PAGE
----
Justise Winslow doesn't limit film study to game plans or his own performances.
He’s a fan of the “classics” and recently spent a few hours on his iPad sifting through old playoff highlights of teammates Dwyane Wade and Udonis Haslem.
“I’m a student of the game," Winslow, 22, said Wednesday after he and teammate Josh Richardson were the final two Heat players to walk off the court following practice – some 30 minutes after their teammates had cleared out.
“I’m always watching ESPN classics, just the 80s, 90s, how physical it was. They don’t let us play that physical, but it's definitely increased in the physicality, the intensity. The refs let you play a little bit more in the playoffs.”
Winslow, Miami’s 2015 first round pick, has not only enjoyed his newfound wiggle room to make more of his presence felt on the defensive end, he's also developed a bit of an old-school nasty side.
“I can be the bad guy if that means winning,” Winslow said with a grin after he was asked if he enjoyed receiving the boos he did from the Sixers crowd Monday for barking a few obscenities at rookie Ben Simmons after drawing a charging foul against him in the first half.
“I love it,” Winslow continued. “Growing up I played on all types of teams that would just press and defend and run around with our heads chopped off. But this is more organized obviously in the NBA. It's fun sometimes when you get to go back to that and just go out there and make plays defensively. It’s kind of in my nature.”
Although he has not defended the 6-10, 230-pound Simmons as much as James Johnson has in this series (Johnson has guarded him for 71 possessions compared to 31 for Winslow), Winslow’s full court pressure on the Rookie of the Year candidate set the defensive tone for Miami in Game 2.
Simmons finished with 24 points, eight rebounds and nine assists, but the Heat disrupted the ease in which he and the Sixers offense flowed.
“I just tried to get into his body, force him to trust his dribble and when he attacked the basket he pushed off and they called the offensive foul,” Winslow said of what happened on his signature play in Game 2.
“The first game we didn’t really understand the intensity we needed to bring. That's what we brought the second game. Just raising everything to another level, our intensity, our focus and we ended up getting the win.”
Winslow said he has friends on the Sixers roster. But when he lines up inside the white lines, he says, “I don't like them. I don't like them at all.”
Simmons isn’t a friend, Winslow said. He’s an acquaintance.
“In international play we played a little against each other,” he said. “So we know each other.”
So far in the series, Winslow and Richardson have been the Heat’s two best one-on-one defenders.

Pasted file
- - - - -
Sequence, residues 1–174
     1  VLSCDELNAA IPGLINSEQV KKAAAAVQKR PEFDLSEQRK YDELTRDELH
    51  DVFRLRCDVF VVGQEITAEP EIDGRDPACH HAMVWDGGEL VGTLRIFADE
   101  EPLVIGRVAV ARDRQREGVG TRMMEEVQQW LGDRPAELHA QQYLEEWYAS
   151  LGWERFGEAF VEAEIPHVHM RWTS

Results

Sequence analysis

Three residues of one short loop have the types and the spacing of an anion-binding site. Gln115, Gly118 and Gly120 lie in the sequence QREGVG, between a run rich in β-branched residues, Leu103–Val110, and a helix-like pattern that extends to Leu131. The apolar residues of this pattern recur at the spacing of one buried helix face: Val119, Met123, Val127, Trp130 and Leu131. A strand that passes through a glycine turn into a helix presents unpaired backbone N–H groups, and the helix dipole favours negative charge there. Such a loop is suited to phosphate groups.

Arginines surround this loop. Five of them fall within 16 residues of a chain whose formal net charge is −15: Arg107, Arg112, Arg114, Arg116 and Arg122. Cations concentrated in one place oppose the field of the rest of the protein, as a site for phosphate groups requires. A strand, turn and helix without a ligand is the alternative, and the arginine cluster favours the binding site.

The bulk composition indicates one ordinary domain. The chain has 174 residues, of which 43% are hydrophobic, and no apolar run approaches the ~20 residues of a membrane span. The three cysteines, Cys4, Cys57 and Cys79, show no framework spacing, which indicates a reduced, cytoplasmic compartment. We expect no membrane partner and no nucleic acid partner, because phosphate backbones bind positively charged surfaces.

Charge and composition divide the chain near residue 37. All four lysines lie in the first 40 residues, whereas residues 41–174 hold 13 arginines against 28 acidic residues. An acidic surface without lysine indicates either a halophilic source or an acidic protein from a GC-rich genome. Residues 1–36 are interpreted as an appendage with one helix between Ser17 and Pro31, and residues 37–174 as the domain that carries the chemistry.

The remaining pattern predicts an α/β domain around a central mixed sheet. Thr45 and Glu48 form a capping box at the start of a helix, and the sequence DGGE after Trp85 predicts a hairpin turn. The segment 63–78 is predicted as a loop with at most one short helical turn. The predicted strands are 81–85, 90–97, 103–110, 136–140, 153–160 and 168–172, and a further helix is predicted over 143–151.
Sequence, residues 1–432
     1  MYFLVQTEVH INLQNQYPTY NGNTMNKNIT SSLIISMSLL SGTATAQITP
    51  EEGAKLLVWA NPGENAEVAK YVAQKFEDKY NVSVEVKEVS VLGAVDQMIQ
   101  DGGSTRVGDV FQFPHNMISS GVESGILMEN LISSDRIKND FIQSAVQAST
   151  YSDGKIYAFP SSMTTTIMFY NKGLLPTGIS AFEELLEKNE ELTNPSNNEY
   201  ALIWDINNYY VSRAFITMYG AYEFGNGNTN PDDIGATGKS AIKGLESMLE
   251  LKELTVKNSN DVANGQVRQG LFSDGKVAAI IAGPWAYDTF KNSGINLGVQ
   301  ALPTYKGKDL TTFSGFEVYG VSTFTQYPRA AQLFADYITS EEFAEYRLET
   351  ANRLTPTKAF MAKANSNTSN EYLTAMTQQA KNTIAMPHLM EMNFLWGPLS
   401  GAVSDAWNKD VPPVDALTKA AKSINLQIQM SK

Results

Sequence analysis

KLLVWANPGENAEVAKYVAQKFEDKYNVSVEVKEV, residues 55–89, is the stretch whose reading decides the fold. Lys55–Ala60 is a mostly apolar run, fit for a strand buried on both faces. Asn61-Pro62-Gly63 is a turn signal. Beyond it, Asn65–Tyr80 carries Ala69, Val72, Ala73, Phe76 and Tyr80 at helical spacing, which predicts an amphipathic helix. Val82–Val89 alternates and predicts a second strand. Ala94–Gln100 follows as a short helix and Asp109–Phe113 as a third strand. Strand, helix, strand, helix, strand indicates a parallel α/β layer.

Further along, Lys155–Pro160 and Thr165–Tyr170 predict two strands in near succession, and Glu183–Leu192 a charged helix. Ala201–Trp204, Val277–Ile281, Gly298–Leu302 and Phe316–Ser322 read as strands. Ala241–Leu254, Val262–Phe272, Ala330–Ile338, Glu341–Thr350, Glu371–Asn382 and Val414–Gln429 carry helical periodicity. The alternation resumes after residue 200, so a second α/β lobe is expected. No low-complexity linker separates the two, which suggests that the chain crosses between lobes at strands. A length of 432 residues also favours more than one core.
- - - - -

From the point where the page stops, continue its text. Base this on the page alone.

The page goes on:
According to Second Spectrum, the NBA’s stat tracking system, the Sixers have made only 9 of the 31 shots they’ve taken (29 percent) on shots Winslow has defended in this series. Only Richardson (7 of 25, 28 percent) has done a better job making sure Sixers shot haven’t gone through the hoop.
Individually, Simmons and Dario Saric are 2 of 6 on shots when Winslow has guarded him. Marco Belinelli (1 of 5) and Ersan Ilyasova (1 of 3) haven’t shot well either when Winslow has drawn them on the defensive side.
“It's a long series,” Winslow said. “They're going to make adjustments. We’re going to have to adjust to what they’re going to try to do the next game. I was going back and forth with some of their guys during Game 1 when we were getting blown out, telling them it’s a long series. We could potentially have five more games. That’s a lot. So, we've just got to take it one game at a time and adjust on the fly from time out to time out and just take their best blows.”
Winslow said he felt like the Heat took too many chances going for steals in the fourth quarter of Game 2 and it helped the Sixers trim a 16-point deficit to 98-96 with under five minutes to play.
“Nobody is going to get mad at anybody for getting a steal,” Winslow said. “But if you're going to go for it you better get it.”
Dwyane Wade, one of Winslow’s mentors during his first playoff run two years ago, ultimately ended up saving the Heat in Game 2. Winslow said he’s enjoyed going through his second playoff run with Wade again.
“It's been great having him back ever since the trade deadline,” Winslow said. “Just picking his brain, even like a day like today, talking about how they might cover us defensively. Just seeing how he sees the floor and what he's thinking, probing, it's great to have a mind like that to lean on for me in my young career.
“He’s been helpful with Xs and Os and also just how to prepare for a playoff series. How mentally to come in and watch film and become almost a coach in the way you see a series, see the adjustments. So, it's been great seeing him, hearing his voice in film sessions and just having him around.”
The Heat can say the same about having Winslow on the defensive end.